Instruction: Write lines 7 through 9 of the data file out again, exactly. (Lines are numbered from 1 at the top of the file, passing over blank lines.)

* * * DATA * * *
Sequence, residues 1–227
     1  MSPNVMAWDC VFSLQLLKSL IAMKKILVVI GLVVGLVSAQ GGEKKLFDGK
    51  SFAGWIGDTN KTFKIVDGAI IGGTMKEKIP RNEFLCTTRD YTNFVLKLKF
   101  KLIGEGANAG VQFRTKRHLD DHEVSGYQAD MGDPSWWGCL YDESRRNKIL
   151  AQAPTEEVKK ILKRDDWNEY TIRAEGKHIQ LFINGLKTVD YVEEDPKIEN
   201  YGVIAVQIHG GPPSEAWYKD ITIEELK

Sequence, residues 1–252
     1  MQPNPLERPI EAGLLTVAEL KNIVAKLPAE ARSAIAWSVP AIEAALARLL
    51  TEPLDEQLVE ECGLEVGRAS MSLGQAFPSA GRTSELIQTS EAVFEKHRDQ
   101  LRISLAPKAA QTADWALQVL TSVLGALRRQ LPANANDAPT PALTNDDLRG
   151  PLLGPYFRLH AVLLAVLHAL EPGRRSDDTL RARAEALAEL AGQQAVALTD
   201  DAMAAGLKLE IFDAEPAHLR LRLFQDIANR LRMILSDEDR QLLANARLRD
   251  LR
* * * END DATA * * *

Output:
Sequence, residues 1–252
     1  MQPNPLERPI EAGLLTVAEL KNIVAKLPAE ARSAIAWSVP AIEAALARLL
    51  TEPLDEQLVE ECGLEVGRAS MSLGQAFPSA GRTSELIQTS EAVFEKHRDQ